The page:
Which Cerebral Cavernous Malformations are Most Difficult to Dissect From Surrounding Eloquent Brain Tissue?

Neurosurgery 81:498–503, 2017

Cerebral cavernous malformations (CCM) may lead to repetitive intracerebral hemorrhage. In selected cases, a surgical resection is indicated.

OBJECTIVE: To identify magnetic resonance imaging (MRI) features of CCM that correlate with the difficulty of dissection and postoperative outcome.

METHODS: This study prospectively analyzed pre- and postoperative MRI features, intraoperative findings (surgical questionnaire), and postoperative outcome of 41 patients with eloquent CCM. Based on the results of the surgeon’s questionnaire and postoperative MRI findings, all surgical procedureswere dichotomized in a “difficult”(groupA) or “not difficult” (group B) lesion dissection. Based on the correlation of preoperative MRI features with groups A and B, a 3-tiered classification was established and tested for sensitivity and specificity.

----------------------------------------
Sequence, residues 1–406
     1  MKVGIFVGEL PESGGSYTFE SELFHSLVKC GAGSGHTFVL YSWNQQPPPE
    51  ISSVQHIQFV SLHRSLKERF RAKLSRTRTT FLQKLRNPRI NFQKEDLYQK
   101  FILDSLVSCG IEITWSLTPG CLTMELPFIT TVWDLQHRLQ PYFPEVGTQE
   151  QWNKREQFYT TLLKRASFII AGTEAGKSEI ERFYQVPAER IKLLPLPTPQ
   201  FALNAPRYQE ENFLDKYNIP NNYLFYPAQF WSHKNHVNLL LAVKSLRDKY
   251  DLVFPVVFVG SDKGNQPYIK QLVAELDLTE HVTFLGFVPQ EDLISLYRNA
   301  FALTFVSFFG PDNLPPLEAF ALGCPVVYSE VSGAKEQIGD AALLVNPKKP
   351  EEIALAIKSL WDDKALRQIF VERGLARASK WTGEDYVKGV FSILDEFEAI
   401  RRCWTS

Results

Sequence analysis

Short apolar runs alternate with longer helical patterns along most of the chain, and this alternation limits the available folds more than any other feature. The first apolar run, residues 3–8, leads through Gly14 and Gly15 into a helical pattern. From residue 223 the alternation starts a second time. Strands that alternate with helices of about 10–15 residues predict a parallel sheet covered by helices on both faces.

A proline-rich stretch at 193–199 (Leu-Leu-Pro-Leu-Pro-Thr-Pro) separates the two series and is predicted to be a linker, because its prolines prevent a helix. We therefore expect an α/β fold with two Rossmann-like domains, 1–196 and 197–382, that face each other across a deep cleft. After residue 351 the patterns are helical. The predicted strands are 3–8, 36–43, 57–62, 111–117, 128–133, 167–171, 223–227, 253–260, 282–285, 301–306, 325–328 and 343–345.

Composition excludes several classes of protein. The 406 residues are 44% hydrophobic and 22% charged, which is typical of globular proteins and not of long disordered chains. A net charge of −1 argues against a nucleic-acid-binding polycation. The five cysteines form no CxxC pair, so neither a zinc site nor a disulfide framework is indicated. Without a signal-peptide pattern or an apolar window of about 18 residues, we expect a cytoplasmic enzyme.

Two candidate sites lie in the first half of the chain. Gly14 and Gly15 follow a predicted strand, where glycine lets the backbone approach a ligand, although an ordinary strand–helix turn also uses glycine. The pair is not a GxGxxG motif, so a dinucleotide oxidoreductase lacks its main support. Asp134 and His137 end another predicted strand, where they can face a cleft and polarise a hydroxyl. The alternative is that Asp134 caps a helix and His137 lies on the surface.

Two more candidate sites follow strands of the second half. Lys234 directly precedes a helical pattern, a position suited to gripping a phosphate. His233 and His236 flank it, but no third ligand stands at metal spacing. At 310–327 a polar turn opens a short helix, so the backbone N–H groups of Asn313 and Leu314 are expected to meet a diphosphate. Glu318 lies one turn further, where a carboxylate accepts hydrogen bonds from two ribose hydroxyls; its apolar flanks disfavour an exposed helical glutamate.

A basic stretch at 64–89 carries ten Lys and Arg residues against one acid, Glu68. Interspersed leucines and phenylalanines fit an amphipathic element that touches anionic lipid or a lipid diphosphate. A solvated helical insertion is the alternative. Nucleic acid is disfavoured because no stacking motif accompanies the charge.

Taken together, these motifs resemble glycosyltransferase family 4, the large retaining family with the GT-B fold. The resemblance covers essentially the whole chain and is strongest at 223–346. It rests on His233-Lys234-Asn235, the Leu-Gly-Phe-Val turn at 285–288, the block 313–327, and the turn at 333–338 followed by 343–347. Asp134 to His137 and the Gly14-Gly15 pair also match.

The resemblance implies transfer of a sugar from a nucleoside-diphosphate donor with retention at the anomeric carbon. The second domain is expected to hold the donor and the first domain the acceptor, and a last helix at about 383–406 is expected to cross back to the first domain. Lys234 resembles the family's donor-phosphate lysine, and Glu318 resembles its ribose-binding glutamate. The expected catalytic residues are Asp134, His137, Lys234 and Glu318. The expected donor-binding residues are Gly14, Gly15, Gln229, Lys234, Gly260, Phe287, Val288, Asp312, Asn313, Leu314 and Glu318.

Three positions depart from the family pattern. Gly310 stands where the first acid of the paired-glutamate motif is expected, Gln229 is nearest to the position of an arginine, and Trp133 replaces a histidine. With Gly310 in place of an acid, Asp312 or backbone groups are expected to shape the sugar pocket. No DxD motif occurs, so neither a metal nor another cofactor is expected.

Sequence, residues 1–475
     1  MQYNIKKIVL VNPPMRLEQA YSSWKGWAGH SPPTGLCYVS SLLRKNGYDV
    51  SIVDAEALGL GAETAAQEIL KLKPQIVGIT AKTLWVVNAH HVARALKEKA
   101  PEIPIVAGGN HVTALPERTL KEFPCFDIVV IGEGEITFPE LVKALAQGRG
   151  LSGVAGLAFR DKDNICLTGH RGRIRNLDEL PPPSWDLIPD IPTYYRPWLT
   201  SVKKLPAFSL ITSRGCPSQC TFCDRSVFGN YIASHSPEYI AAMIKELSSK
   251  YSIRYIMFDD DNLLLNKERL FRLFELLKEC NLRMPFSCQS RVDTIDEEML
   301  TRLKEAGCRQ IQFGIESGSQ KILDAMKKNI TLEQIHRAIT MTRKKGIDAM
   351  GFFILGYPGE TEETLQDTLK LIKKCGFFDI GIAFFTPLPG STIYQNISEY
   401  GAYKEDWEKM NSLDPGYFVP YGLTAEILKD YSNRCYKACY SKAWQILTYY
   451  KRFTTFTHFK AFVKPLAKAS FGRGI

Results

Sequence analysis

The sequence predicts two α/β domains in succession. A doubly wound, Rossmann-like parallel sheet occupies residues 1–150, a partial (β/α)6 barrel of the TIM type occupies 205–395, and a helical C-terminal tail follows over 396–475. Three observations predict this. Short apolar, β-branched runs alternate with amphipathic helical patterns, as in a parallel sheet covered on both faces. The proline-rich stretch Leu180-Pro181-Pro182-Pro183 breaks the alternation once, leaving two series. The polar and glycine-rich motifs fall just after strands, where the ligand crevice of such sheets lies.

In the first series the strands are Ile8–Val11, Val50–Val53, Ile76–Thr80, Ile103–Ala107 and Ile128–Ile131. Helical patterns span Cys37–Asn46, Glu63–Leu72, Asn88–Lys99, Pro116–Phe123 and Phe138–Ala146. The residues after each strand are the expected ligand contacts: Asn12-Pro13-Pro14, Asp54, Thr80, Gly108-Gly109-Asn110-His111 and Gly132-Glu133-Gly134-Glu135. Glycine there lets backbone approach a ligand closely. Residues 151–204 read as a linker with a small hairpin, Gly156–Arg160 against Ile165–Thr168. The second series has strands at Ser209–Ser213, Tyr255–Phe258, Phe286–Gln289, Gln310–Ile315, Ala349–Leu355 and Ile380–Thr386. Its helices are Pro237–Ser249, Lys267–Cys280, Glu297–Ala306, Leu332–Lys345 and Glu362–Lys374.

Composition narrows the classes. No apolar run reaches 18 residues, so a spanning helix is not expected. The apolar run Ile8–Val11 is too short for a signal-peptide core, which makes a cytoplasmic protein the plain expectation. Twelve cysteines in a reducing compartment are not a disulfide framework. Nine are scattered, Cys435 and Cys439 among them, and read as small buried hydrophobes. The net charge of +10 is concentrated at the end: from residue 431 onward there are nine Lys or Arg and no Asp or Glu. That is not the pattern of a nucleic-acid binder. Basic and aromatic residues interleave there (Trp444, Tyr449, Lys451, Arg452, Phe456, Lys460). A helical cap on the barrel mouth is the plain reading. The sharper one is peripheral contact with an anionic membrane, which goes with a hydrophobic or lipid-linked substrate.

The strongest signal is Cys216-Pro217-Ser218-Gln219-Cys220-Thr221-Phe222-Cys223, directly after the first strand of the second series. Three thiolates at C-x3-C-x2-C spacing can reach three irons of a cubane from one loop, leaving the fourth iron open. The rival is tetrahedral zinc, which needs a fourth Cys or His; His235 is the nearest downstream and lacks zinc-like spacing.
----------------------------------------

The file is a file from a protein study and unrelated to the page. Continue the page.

RESULTS: In 22 patients, dissection of the lesion was rated difficult. This was significantly correlated with amount of postoperative diffusion restriction on MRI (P=.001) and postoperative outcome(P=.05). Various preoperative MRI featureswere tested for correlation and combined in a 3-tiered classification. Receiver operating characteristics revealed excellent and good results for predicting difficulty of dissection for the different classification types.

CONCLUSION: We provide a meticulous analysis and new classification of preoperative MRI features that seem to be involved in the microsurgical resection of CCM.